How Our Networks Have Come Under More Surveillance Than Ever

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Technology improves. It's something we know instinctively, but we typically don't give much thought to how much and how quickly security and surveillance tech is advancing. Ars Technica has a deep look at just that, and its disconcerting implications on the real world.


The most state of the art surveillance is made possible by deep packet inspection (DPI), which can gather data about specific users' online activities. It does this by closely monitoring or capturing the data that passes through a given network, at times by the petabyte.

How does this affect you? Some time soon, you won't be able to escape the deep data scrapes. "There's no question that within the next three to five years, not having a copy of your network data will be as strange as not having a firewall," the CEO of Bivio Networks, a leading firm working with DPI technology, told Ars Technica.

DPI is used for everything from marketing to piracy detection—though Comcast was shut down by the FCC over the issue. Here's a specific example of how it works in real life:

One frequent activity that Splunk has helped the University automate is processing Digital Millennium Copyright Act takedown notices after a student is discovered hosting pirated content on sites hosted from their own computers or over BitTorrent streams. "We needed an automated, instant way of locking those down," Maszeroski said. Data brought into Splunk can be used to perform a search for BitTorrent traffic and allows it to be identified by MAC address; the University's information security office has built a Java application that uses Splunk's Web API to find the offending MAC address and then "cut the person off at a switch or wireless level."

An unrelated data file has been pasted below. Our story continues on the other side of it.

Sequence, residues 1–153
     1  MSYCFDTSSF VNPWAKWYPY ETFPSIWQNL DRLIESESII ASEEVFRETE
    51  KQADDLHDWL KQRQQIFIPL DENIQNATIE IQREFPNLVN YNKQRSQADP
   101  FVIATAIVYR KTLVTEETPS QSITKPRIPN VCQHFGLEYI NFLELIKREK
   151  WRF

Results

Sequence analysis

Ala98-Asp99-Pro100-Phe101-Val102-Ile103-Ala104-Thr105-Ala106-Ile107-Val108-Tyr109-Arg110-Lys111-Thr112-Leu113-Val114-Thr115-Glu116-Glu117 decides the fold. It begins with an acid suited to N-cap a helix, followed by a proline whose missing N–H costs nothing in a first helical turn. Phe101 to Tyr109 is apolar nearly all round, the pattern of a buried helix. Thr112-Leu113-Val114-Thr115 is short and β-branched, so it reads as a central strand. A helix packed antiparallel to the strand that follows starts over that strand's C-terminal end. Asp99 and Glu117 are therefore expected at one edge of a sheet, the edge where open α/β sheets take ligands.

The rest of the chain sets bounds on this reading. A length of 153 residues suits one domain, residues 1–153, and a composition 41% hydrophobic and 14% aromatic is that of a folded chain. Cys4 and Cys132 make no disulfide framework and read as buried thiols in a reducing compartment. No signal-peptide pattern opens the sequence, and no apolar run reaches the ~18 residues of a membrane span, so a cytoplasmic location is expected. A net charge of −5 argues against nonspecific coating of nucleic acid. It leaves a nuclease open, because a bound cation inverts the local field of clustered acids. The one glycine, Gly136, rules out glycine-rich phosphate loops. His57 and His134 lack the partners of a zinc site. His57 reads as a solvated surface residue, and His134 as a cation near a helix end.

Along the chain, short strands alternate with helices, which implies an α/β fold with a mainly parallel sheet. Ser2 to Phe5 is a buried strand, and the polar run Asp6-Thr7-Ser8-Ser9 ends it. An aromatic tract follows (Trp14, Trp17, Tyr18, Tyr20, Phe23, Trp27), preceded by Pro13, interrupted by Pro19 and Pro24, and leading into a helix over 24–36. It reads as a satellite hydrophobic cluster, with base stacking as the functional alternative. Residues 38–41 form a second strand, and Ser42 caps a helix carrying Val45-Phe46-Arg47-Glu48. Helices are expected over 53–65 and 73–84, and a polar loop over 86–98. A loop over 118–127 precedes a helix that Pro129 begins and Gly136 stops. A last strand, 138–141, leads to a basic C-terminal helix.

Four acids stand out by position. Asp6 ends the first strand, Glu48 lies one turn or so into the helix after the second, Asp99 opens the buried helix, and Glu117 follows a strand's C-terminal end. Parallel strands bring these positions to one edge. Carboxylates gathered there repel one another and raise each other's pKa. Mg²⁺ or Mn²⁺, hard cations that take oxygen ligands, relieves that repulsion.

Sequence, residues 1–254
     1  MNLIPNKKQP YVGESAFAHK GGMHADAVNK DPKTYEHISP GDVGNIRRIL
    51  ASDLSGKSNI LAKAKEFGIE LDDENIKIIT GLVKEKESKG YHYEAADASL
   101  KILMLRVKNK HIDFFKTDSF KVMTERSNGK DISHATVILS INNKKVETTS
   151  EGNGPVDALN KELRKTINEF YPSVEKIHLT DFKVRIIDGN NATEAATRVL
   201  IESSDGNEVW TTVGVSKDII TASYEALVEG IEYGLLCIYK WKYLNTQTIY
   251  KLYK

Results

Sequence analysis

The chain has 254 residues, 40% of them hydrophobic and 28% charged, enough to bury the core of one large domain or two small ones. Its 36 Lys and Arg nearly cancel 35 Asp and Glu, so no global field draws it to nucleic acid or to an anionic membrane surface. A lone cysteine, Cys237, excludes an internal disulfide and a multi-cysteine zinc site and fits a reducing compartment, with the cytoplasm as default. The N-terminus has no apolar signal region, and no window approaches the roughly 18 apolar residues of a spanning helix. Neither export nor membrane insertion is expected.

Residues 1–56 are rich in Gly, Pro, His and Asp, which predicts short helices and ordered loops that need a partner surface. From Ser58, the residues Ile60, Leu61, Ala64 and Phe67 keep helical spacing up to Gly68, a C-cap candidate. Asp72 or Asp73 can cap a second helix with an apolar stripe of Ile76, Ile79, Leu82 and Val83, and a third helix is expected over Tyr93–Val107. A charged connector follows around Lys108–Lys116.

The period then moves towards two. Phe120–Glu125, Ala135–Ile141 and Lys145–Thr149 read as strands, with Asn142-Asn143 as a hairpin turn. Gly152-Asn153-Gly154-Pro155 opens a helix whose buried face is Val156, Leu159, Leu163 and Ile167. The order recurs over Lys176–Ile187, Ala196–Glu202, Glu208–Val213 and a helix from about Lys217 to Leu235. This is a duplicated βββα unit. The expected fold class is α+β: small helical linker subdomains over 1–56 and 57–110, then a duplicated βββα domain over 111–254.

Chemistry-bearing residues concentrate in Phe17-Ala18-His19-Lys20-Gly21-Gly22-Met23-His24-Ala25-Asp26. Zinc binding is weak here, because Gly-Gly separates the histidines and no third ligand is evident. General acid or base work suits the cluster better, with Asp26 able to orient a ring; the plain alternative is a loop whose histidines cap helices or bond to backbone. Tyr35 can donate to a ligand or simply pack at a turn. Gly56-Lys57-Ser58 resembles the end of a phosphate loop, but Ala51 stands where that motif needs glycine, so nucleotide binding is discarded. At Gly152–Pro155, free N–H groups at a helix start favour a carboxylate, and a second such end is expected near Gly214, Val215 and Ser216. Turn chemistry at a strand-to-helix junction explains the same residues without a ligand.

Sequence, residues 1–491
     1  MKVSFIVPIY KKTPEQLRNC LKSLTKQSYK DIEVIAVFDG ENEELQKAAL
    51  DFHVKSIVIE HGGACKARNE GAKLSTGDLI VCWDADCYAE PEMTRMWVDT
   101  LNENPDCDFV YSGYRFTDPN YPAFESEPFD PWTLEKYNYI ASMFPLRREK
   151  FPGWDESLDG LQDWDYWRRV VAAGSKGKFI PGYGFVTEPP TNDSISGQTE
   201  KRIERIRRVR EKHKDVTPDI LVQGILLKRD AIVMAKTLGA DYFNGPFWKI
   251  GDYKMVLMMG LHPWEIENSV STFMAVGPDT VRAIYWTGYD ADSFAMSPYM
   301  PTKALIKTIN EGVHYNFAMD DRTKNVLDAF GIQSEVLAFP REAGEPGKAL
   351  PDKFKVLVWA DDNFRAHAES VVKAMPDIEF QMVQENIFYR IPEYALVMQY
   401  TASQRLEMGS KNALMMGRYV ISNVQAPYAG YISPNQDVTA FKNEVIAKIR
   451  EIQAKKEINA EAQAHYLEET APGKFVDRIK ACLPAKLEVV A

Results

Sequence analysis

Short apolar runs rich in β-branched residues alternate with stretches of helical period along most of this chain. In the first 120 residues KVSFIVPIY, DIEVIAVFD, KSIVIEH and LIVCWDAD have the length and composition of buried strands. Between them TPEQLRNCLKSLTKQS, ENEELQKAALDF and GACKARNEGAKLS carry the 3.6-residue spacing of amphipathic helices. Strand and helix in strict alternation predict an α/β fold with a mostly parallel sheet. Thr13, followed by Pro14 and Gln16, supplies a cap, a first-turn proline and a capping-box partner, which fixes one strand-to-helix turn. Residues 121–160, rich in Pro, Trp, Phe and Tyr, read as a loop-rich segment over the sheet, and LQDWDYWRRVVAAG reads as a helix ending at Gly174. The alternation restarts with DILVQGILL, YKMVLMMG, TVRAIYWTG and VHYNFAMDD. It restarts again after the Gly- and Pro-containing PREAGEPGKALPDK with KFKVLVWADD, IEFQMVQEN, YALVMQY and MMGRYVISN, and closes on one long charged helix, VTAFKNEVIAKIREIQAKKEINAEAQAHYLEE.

If you're interested in how your online day-to-days are being and will be monitored going forward, and just how breathtaking in scope it can be, you should definitely check out the full piece over at Ars. [Ars Technica]

Image by Tischenko Irina/Shutterstock




DPI is the sort of reason everyone needs to move to pure SSL connections for everything. After the initial handshake, everything is encrypted on the wire thus keeping snooping software out of the underlying data stream. The other reason to move to SSL is the fact that 99% of all WiFi traffic isn't secure and eavesdroppers ARE listening in. The only secure WiFi is EAP-TLS/PEAP where you are asked to supply a signed client SSL certificate before you are even allowed to connect to the network and the hotspot is carefully configured to not allow nodes to talk to each other. I've only ever seen one EAP-TLS installation before so when Wikipedia says they are "rare", I agree.